“We spend time in understanding the client’s needs so that the research addresses their specific research questions.

“By the time we are approached, the client has usually arrived at their own hypothesis, which is informed by any number of factors. We have to validate all assumptions and consult with the client to really understand their underlying research needs. It is not always what the initial brief may have indicated,” he says.

Their approach is to use a blend of primary and secondary research.

“We don’t use any stock reports and each assignment is approached in the same way. Any client assumptions or provided information is validated and bias is identified and corrected. This, along with the brief, forms the basis of our research questions and preliminary hypothesis and, consequently, the scope of the project.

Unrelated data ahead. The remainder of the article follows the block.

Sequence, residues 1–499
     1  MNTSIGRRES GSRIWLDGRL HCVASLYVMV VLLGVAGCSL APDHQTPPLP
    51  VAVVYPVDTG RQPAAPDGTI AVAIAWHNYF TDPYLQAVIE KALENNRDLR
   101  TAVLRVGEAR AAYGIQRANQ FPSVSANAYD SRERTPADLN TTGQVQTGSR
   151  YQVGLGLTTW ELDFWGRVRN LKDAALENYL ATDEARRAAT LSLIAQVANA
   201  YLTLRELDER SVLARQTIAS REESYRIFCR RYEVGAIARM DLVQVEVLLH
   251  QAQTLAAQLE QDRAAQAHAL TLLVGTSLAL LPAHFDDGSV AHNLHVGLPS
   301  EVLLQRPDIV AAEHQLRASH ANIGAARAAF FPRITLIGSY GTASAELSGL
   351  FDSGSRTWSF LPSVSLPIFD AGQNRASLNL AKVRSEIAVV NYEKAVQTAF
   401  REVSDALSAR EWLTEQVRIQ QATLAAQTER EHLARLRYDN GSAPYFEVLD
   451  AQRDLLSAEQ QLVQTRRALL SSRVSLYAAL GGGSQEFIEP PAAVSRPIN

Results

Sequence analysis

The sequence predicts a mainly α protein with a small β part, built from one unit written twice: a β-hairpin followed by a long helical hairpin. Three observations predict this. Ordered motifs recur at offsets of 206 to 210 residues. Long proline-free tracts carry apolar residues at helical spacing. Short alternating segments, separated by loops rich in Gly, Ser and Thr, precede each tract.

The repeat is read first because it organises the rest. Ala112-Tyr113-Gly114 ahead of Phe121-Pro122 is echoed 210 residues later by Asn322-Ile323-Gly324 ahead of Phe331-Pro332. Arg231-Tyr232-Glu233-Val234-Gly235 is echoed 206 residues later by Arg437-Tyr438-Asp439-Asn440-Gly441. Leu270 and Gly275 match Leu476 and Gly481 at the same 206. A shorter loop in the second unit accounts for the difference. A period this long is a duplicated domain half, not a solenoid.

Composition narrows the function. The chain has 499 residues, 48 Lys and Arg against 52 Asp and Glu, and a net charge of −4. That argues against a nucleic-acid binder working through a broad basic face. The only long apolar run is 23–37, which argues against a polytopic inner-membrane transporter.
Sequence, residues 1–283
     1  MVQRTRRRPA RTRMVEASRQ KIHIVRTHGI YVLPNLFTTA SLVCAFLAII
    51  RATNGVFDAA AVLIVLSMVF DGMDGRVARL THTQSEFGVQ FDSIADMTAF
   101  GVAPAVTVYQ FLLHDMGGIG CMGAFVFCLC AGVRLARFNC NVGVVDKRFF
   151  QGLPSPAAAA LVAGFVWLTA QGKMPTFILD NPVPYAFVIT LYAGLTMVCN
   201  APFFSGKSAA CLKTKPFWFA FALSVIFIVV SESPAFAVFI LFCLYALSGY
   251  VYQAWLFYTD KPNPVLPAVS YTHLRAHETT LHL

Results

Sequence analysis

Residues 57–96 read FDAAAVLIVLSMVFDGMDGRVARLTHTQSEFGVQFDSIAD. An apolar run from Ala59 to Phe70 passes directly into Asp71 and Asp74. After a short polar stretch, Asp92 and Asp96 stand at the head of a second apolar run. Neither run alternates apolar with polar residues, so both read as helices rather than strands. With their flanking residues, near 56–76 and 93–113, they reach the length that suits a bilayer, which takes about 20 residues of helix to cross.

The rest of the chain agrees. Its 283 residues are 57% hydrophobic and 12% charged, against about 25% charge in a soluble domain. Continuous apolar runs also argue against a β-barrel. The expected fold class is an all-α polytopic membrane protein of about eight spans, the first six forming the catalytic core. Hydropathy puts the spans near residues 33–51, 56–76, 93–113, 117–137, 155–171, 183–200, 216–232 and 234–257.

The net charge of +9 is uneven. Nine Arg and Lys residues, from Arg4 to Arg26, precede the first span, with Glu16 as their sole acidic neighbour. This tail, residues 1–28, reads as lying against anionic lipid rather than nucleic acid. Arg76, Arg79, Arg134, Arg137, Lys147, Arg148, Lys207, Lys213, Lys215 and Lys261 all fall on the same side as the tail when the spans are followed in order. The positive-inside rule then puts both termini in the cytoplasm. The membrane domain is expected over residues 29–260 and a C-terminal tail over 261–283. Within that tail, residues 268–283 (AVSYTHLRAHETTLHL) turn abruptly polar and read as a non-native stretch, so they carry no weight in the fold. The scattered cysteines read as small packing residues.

“Secondly, we use desk research to fully explore the research topic and identify areas which require further primary research. Primary research methodologies also vary widely, depending on the nature of the research questions, but may include face-to-face structured interviews, online questionnaires, telephonic interviews using discussion documents, direct observation and constant fact-checking.

“We have found that, besides the actual research methodology, one of the most important aspects is to provide the results in different formats. Some clients want a report but very often, they want to discuss the outcome of the research and to facilitate the operationalisation of the results. This is a particularly pleasing part of market research and often leads to an in-depth engagement with the client,” he enthuses.

Organisational development solutions

The company implements three organisational development solutions: Quality Management, Service Delivery Infrastructure and Employee Engagement.